Category: BU Today Features
Talk about tasty career choices: Lucia Austria (MET’13) and Sydney Oland (MET’09) discuss their roles as production manager and product developer, respectively, for Somerville’s Tazo Chocolate in a recent BU Today article. Both are graduates of Metropolitan College’s Master of Liberal Arts in Gastronomy program. The article also explains the process of creating stone-ground chocolate—and why Tazo’s offerings are so popular among brewers, bakers, and gourmets.
Back in 2007, Terrance Regan, a MET adjunct professor of city planning and urban affairs, wrote a report for the Massachusetts Transportation Finance Commission on the precarious condition of the state’s public transit system. Today, he’s using the current snow-related breakdowns in the Green Line and other MBTA services as a prime teaching moment. Read this urban transit expert’s honest opinions in BU Today.
The BU Today article “Studying Brahmins, Baked Beans, and Baseball” profiled a course taught by College of Arts & Science Professor of Anthropology Merry “Corky” White. Among the BU students enrolled in “Boston: An Ethnographic Approach” were three students from MET’s Evergreen program, which allows those 58 or older to audit BU classes. The course examines Boston as “a set of ideas of identity, politics, and urban life, developing and placed in the spaces of a place called the Hub…” Professor White is also an instructor in MET’s Seminars in Food & Wine.
On November 3, BU Today reported on new rankings that were announced by U.S. News & World Report. Boston University has been named 37th of 500 “Best Global Universities.” According to BU Provost Jean Morrison, the new ranking “demonstrates how strong our global competitiveness is.”
Read more on BU Today.
MET Associate Professor of Computer Science Eric Braude was one of three Boston University faculty to win an EdTech Seed Grant from BU’s Digital Learning Initiative (DLI)—a faculty-led group that acts as the “hub” for BU’s MOOCs (massive open online courses), and serves to “spearhead the University’s most innovative projects in online learning, uninhibited by pre-existing culture and structures.” DLI grants fund faculty and staff innovations in educational technology. Dr. Braude’s grant will underwrite work he is doing on his Knowla (“knowledge assembly”) system prototype—which will “allow students to respond to test questions in forms that could be automatically graded.”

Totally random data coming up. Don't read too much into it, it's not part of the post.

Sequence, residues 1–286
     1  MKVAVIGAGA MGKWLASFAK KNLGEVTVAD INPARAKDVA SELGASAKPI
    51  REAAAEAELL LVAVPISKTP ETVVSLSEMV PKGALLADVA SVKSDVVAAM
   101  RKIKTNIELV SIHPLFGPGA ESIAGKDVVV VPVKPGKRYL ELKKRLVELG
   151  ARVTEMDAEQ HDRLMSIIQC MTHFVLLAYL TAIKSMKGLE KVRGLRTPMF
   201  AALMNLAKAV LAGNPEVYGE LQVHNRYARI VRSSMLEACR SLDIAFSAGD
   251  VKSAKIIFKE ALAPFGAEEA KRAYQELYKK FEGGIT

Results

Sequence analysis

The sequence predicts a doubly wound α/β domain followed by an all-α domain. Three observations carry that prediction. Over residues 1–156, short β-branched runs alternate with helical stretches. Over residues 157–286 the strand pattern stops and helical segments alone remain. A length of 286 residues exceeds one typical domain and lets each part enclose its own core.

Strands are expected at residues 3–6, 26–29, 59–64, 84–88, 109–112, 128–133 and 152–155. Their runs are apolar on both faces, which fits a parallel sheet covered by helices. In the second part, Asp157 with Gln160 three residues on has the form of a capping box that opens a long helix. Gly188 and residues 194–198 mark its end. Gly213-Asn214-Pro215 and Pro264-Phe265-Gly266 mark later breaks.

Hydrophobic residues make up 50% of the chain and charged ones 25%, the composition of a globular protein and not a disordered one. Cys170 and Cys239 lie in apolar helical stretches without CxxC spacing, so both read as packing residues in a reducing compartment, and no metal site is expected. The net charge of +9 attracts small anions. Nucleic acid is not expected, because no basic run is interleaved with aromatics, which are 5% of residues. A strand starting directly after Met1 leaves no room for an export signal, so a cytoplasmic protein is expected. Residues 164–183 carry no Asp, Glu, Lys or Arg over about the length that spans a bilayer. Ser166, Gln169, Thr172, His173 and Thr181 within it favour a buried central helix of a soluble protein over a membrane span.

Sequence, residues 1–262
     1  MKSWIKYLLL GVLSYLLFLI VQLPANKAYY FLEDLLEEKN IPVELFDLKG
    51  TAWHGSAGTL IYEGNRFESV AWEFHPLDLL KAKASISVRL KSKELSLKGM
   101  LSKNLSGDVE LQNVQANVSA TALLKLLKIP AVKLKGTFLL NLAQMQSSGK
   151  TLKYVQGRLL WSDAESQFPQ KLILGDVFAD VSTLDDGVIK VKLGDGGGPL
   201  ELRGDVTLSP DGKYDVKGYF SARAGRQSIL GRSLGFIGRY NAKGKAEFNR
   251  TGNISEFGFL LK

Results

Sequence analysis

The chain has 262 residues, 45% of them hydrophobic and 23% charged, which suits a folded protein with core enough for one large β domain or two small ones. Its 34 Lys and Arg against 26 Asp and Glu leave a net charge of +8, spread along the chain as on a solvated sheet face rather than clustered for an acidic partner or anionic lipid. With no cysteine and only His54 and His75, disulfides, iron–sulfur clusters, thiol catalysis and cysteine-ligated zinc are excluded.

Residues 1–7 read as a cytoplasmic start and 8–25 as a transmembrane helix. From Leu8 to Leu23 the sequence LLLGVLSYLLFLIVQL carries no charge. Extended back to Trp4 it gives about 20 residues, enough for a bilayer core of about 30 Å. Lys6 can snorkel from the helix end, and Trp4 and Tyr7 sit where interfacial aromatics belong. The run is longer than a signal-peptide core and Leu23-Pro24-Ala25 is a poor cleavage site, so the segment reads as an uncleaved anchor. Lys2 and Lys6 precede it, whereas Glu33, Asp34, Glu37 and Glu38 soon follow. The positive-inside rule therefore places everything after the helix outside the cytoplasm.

Read more in BU Today.
MET Wine Studies instructor and Master of Wine Bill Nesto coauthored The World of Sicilian Wine (UC Press, March 2013) with his wife Frances Di Savino. The book has received many positive reviews, including a recent one in the quarterly The World of Fine Wine (issue 43), which calls it an “impressively scholarly new book.” The review asserts that “the sheer weight of historical, geographical, and viticultural information is enough to make this the definitive English-language book on the island’s wines.”
A BU Today series examining the building blocks of education at BU recently profiled Boston Police Commissioner William Evans, who is teaching MET’s criminal justice course Policing in a Democratic Society. Evans, who this year received a Roger Deveau Part-Time Faculty Award for Excellence in Teaching, is spending six hours a week this summer in a BU classroom—passing on practical knowledge gained from his 31 years with the Boston Police.
With his class running until 9 p.m. on Mondays and Wednesdays, those days are grueling for a man who rises at 4:30 in the morning. But Evans says that he enjoys teaching and the chance it provides him to impart the class’s key lesson: police perform a multi-textured role in a democratic society—not just as enforcers of public security, but as social workers and political scientists balancing the law with individual freedoms.
Read more on BU Today.
In “POV: Memo to Boston’s Mayor on How to Fight Inequality,” two Metropolitan College faculty members examine how Mayor Marty Walsh can keep his promises to fight inequality in Boston. Enrique R. Silva, assistant professor city planning and urban affairs, and Eugene B. Benson, adjunct professor of city planning and urban affairs at MET and adjunct clinical assistant professor of environmental health at BU’s School of Public Health, examine the mayor’s policies: “There is a lot riding on Marty Walsh’s first term as mayor of Boston…As we look to him for leadership on this dark cloud hanging over an otherwise shining city, the question that needs to be asked is whether the new mayor has the power to reduce inequities in Boston.”
Read the entire article on BU Today.
In a February 10 article, BU Today mentioned MET’s rankings in U.S. News & World Report’s 2014 Best Online Programs. “Two Metropolitan College online graduate programs, the master’s program in computer information systems and the master’s programs in management, ranked in the top 10 in their categories…”
Read the whole story at BU Today.
As reported in BU Today, outgoing Boston Mayor Thomas M. Menino (Hon.’01) will join BU in February as codirector of the University’s new Initiative on Cities (IoC). MET Assistant Professor of City Planning and Urban Affairs Enrique Silva was quoted in the article, referring to the IoC as a “very bold and sophisticated” initiative.
Read more: BU Today